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The first defeat of the season has Sunderland fans filled with a mixture of emotions. We were comfortably dispatched by last seasons Champions, so it was to be expected. On the other hand we didn't show much fight in the game barring a couple of spells. Here's what we made of it, plus Martin O'Neill's thoughts...
What The Gaffer Said
In speaking with the club's official website after the game, Martin O'Neill had this to say on his side's performance at the Etihad Stadium on Saturday;
I'm disappointed with the result and the performance, we should have done much better.
Manchester City can beat anybody and they can play like that on any given day, but we gave them a lot of room and time and maybe too much respect.
They are a fine side but we gave the ball away far too easily and it was hard to recover.
In the second half we tried to become more of an attacking threat but they got their second goal halfway through, giving them time to perform again, and eventually they were too strong for us.
We lost possession after just a couple of minutes, which led to the free kick and [Aleksandar] Kolarov is more than capable of scoring those type of goals.
That was the turning point in the game.
After Manchester City's draw in midweek, they might have been feeling sorry for themselves, but we gifted them the opportunity to score after conceding that free kick.
However, we still should have been able to come back from that.
We didn't have that many strikes on goal and the scoreline could have been much worse had it not been for Simon [Mignolet].
It's difficult to disagree with anything said there from him, as he gives a good and honest assessment of our performance. Anyway, we've also our own thoughts to add to things, so here we go with it.
Colback Fails To Take Big Chance
With Lee Cattermole out the side there's a prime opportunity for Jack Colback to assert himself as an authority in midfield. Yes, he's an exceptional player, and this was a one off game, but it perhaps serves to temper expectations for him a little as he failed to really impose himself on the game. Obviously he was up against formidable opponents, but you still can't help but feel Colback was below par and could have offered a little more given the opportunity given to him. (SW)
Wasteful In Possession
While that stats might prove otherwise there was some periods where we had some good possession of the ball, and unfortunately we just couldn't do anything with it. Going forward in particular. When the ball reached the edge of the final third it was inevitably wasted, with the only semi-decent chance coming through an offside Steven Fletcher header. We can put some of it down to the quality of the opposition, but much more crucially than that our passing was for the most part woeful for anything more complex than five yards and sideways. (SW)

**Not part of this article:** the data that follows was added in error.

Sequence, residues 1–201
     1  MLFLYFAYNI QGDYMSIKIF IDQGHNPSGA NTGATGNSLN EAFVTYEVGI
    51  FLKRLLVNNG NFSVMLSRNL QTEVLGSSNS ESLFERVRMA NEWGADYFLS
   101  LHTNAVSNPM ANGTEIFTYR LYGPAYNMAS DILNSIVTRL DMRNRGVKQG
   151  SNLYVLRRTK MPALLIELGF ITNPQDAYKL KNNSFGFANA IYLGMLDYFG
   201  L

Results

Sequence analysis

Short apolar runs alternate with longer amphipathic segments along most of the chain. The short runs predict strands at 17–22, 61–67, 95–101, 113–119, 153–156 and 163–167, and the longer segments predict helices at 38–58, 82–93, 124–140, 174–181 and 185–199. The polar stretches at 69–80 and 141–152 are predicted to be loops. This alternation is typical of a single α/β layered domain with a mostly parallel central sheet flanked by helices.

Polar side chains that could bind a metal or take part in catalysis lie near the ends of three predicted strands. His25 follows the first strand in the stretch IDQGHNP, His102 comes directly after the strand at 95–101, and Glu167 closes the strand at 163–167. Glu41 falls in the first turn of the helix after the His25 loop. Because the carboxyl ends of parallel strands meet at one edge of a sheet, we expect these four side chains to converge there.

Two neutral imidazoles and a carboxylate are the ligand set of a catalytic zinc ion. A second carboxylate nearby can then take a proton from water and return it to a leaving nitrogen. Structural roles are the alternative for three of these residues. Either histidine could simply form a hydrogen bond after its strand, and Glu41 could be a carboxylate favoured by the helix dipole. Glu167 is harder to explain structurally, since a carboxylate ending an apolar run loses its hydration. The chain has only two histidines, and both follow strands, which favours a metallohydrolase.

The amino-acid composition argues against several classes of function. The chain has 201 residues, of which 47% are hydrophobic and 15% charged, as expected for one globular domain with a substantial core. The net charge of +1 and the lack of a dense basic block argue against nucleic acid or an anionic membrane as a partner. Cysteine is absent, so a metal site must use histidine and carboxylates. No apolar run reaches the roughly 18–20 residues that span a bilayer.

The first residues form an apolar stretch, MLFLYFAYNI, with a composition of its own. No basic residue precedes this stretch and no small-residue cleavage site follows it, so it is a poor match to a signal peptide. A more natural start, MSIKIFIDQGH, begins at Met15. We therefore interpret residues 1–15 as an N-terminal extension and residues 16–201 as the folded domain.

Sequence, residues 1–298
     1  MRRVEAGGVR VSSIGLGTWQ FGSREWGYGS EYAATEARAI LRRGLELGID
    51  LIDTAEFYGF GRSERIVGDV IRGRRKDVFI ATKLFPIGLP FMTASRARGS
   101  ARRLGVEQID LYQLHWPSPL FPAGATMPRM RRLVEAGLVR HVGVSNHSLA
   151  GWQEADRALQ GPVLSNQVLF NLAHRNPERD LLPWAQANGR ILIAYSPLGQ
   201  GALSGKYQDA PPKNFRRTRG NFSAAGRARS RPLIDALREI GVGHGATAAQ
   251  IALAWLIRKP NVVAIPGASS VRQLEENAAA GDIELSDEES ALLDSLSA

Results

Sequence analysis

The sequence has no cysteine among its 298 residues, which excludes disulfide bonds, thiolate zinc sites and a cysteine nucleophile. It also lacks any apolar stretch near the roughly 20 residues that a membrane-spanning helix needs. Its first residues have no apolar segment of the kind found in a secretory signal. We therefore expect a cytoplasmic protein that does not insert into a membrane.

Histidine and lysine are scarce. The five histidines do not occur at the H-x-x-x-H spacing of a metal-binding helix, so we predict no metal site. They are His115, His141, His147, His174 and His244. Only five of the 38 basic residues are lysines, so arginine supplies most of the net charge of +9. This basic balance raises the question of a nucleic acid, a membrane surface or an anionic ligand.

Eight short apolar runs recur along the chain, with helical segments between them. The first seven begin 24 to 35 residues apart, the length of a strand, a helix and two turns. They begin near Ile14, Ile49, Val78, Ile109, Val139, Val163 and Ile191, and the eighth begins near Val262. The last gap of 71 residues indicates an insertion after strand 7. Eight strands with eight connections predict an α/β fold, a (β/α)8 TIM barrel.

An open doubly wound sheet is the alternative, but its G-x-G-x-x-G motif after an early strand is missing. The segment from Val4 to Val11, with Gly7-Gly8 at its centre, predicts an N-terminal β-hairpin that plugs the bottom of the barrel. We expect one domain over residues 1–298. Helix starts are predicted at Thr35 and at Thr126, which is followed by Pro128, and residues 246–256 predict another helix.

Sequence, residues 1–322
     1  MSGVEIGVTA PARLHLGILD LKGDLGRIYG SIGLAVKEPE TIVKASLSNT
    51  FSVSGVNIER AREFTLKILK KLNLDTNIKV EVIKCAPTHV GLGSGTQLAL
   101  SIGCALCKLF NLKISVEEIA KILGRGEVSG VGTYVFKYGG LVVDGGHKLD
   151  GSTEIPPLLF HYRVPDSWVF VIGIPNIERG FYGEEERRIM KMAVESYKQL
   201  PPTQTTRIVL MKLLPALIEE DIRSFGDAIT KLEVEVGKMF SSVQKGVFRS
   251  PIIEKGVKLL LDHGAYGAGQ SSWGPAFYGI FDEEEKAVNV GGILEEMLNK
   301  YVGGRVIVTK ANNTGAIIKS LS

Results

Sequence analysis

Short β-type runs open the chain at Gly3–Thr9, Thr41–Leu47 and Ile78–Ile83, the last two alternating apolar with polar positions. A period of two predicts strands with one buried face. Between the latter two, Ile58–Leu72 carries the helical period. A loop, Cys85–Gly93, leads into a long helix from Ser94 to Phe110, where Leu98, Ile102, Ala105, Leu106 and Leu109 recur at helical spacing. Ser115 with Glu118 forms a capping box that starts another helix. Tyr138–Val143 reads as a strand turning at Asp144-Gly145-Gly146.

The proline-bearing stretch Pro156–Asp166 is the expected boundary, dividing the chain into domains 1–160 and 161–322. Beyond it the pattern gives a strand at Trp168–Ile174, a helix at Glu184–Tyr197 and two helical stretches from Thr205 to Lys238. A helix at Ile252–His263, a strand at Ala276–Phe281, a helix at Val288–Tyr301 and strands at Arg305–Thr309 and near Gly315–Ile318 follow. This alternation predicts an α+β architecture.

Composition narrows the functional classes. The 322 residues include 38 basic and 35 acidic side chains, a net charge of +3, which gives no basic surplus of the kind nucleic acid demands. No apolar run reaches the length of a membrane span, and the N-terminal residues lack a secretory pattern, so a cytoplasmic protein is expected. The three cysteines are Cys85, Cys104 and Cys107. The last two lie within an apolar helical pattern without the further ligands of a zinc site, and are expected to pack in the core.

Don't Give Up On Gardner
Craig Gardner's been great in defence so far this season, however with Phil Bardsley nearing a comeback and breathing down his neck to return to the right back position, Gardner picked the wrong week to have a bad game. Or did he have a bad game? I happen to think it wasn't as bad as it looked and although Aleksander Kolarov had him on the ropes for the entire game, it was far and away one of Kolarov's best games in the blue shirt. Certainly, we shouldn't give up on Gardner as a full back, where he's proved to be much better than any game he's had in his 'natural midfield position. (SW)
Mignolet Not To Blame
There's been some criticism of Simon Mignolet's performance in the game, and notably how the first goal was allowed to creep in at the near post, but take nothing away from Kolarov - it was an outstanding hit. If it hadn't been for Mignolet the score would no doubt have been much, much worse than it was and he should be one of a very small bunch who can head back to work this week with his head held semi-high. (SW)
Sess Shows Something But McClean Still Missing
The situation which sees neither Stephane Sessegnon nor James McClean hitting their best form yet is worrying. We all got very excited about the attacking possibilities with Steven Fletcher and Adam Johnson added to the mix, but neither of the existing attacking talents seem to have stepped up. If anything, they've regressed.
Sessegnon did manage to show up briefly for a solid 15-20 minute spell in the second half, but McClean was abysmal. Whenever the ball was played wide to the Irishman he couldn't find a way past Pablo Zabaleta, not even by accident as opposed to skill, and it's become a worrying and notable trend that when he's not in the game, he's REALLY not in the game. I wouldn't hesitate to say this was his worst performance in a Sunderland shirt. (SW)
Perspective Must Not Be Selective
This time last week there was something of a consensus that 'we were only playing Wigan at home', and so we mustn't read too much into it. This week, the same people making the plea seem to be telling us that the quality of the opposition is irrelevant.
No one will try and insist that it was a good performance from Sunderland at the Etihad. It was poor, disjointed, and contained a lot of room for significant improvement. But there is plenty of room for balance in the analysis. Of course the fact the fact we were up against the Champions is relevant. It may not have caused the errors that led to the opening and killer goals, but their quality certainly ensured those mistakes were ruthlessly capitalized upon and our own inadequacies on the day savagely exposed. (MG)